Attempting to Break the 2 GJ/tonne CO2 Barrier; Development of an Advanced Water-Lean Capture Solvent From Molecules to Detailed Process Design

6 Pages Posted: 29 Apr 2019

See all articles by Yuan Jiang

Yuan Jiang

Government of the United States of America - Pacific Northwest National Laboratory

Paul M. Mathias

affiliation not provided to SSRN

Greg Whyatt

Government of the United States of America - Pacific Northwest National Laboratory

Charles Freeman

Government of the United States of America - Pacific Northwest National Laboratory

Feng Zheng

Government of the United States of America - Pacific Northwest National Laboratory

Vassiliki-Alexandra Glezakou

Government of the United States of America - Pacific Northwest National Laboratory

Roger Rousseau

Government of the United States of America - Pacific Northwest National Laboratory

Philip K. Koech

Government of the United States of America - Pacific Northwest National Laboratory

Deepika Malhotra

Government of the United States of America - Pacific Northwest National Laboratory

David Heldebrant

Government of the United States of America - Pacific Northwest National Laboratory

Date Written: April 29, 2019

Abstract

Solvent-based post-combustion CO2 capture is an energy-intensive process primarily driven by the energy required to regenerate the CO2 capture solvent. Researchers are currently focused on developing drop-in solvent replacements for commercial amine solvents with lower regeneration energies. One approach to reducing the regeneration energy of a solvent is to reduce its water content, thereby reducing unnecessary condensing and consequent boiling in the process. There are a number of water-lean solvent formulations currently under development that allow for water contents below 10% by weight, versus more than 60% for commercial aqueous amines. One solvent class, CO2-Binding Organic Liquids (CO2BOLs), shows promise to reduce the parasitic load to a coal-fired power plant but has been impeded by high viscosities at high CO2 loadings. In this paper, we perform a preliminary modeling study of a new low-viscosity CO2BOL solvent and assess the energetics of different process stripper configurations. By tailoring the process configuration with the unique aspects of the solvent reboiler duties below 2 GJ/tonne CO2 could be achievable. Further, this study suggests that there is no one-size-fits-all process optimum configuration for solvents, and therefore optimal configurations will be solvent specific.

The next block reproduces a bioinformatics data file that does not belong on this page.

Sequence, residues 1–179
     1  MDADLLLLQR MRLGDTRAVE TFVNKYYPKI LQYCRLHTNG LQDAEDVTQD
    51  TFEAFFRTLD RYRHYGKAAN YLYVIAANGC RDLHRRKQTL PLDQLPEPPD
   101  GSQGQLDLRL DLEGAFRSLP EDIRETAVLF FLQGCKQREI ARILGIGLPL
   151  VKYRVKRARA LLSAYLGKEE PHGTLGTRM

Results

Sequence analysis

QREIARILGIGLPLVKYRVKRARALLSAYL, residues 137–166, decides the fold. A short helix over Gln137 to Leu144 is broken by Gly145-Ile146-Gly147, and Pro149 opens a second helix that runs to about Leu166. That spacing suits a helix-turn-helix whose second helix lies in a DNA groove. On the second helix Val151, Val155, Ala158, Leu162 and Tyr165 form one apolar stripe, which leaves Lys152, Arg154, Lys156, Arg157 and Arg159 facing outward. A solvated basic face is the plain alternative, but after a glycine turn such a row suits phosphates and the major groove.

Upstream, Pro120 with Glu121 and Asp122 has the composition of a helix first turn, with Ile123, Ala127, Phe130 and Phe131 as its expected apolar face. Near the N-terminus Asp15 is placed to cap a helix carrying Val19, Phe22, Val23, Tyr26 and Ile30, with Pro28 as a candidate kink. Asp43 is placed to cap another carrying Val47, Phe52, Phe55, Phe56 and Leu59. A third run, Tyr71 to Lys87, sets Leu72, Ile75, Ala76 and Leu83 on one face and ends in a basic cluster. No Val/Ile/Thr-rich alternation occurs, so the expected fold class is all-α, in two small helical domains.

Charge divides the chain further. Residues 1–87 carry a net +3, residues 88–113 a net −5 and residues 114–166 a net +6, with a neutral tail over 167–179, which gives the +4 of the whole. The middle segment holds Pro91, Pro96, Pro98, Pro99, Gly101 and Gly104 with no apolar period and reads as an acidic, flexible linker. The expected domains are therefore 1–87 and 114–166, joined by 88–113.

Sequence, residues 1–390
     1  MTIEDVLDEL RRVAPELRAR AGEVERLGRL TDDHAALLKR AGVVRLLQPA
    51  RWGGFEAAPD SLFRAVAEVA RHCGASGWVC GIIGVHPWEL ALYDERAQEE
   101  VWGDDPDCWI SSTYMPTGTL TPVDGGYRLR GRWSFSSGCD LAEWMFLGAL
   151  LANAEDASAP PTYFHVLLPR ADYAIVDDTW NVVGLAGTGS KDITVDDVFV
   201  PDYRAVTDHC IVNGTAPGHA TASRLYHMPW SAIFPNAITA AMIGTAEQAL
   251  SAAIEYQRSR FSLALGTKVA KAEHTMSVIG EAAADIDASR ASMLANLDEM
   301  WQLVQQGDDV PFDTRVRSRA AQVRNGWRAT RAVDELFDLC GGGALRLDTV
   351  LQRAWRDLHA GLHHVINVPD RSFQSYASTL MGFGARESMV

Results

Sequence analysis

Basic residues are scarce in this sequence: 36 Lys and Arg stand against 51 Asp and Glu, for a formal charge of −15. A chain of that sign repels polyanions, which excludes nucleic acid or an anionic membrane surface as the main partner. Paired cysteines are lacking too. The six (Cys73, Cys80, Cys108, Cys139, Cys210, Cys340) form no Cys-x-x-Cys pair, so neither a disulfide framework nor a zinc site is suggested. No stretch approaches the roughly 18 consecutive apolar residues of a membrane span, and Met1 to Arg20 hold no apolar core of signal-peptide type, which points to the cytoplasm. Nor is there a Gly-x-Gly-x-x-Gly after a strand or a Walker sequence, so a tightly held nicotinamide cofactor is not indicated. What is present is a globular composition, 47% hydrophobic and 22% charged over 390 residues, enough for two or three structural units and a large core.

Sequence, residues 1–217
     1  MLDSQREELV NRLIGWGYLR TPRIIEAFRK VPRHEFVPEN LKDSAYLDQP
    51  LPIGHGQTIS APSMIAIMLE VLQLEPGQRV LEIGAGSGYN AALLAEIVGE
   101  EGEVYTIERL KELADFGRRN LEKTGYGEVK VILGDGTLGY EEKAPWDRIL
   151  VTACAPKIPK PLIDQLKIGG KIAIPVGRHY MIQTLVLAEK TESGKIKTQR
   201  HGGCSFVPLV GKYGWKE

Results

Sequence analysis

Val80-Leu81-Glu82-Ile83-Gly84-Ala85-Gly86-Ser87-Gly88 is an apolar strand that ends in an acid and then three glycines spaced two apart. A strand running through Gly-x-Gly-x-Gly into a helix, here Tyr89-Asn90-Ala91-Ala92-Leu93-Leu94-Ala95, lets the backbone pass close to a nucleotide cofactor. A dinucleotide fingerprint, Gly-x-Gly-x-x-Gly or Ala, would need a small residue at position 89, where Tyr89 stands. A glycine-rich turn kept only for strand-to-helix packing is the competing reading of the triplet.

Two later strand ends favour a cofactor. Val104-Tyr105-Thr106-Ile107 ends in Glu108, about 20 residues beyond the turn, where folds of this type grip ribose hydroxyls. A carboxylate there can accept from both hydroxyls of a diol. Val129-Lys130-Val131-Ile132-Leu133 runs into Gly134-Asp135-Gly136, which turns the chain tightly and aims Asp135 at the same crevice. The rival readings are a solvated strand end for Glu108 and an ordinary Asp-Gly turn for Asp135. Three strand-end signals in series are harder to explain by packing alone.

Keywords: CO2BOL; water-lean solvent; CO2 capture; GHGT-14

Suggested Citation

Jiang, Yuan and Mathias, Paul M. and Whyatt, Greg and Freeman, Charles and Zheng, Feng and Glezakou, Vassiliki-Alexandra and Rousseau, Roger and Koech, Philip K. and Malhotra, Deepika and Heldebrant, David, Attempting to Break the 2 GJ/tonne CO2 Barrier; Development of an Advanced Water-Lean Capture Solvent From Molecules to Detailed Process Design (April 29, 2019). Available at SSRN: https://ssrn.com/abstract=3379731

Yuan Jiang

Government of the United States of America - Pacific Northwest National Laboratory

901 D Street
370 L'Enfant Promenade, S.W.
Washington, DC 20024-2115
United States

Paul M. Mathias

affiliation not provided to SSRN

Greg Whyatt

Government of the United States of America - Pacific Northwest National Laboratory

901 D Street
370 L'Enfant Promenade, S.W.
Washington, DC 20024-2115
United States

Charles Freeman

Government of the United States of America - Pacific Northwest National Laboratory

901 D Street
370 L'Enfant Promenade, S.W.
Washington, DC 20024-2115
United States

Feng Zheng

Government of the United States of America - Pacific Northwest National Laboratory

901 D Street
370 L'Enfant Promenade, S.W.
Washington, DC 20024-2115
United States

Vassiliki-Alexandra Glezakou

Government of the United States of America - Pacific Northwest National Laboratory

901 D Street
370 L'Enfant Promenade, S.W.
Washington, DC 20024-2115
United States

Roger Rousseau

Government of the United States of America - Pacific Northwest National Laboratory

901 D Street
370 L'Enfant Promenade, S.W.
Washington, DC 20024-2115
United States

Philip K. Koech

Government of the United States of America - Pacific Northwest National Laboratory

901 D Street
370 L'Enfant Promenade, S.W.
Washington, DC 20024-2115
United States

Deepika Malhotra

Government of the United States of America - Pacific Northwest National Laboratory

901 D Street
370 L'Enfant Promenade, S.W.
Washington, DC 20024-2115
United States

David Heldebrant (Contact Author)

Government of the United States of America - Pacific Northwest National Laboratory ( email )

901 D Street
370 L'Enfant Promenade, S.W.
Washington, DC 20024-2115
United States

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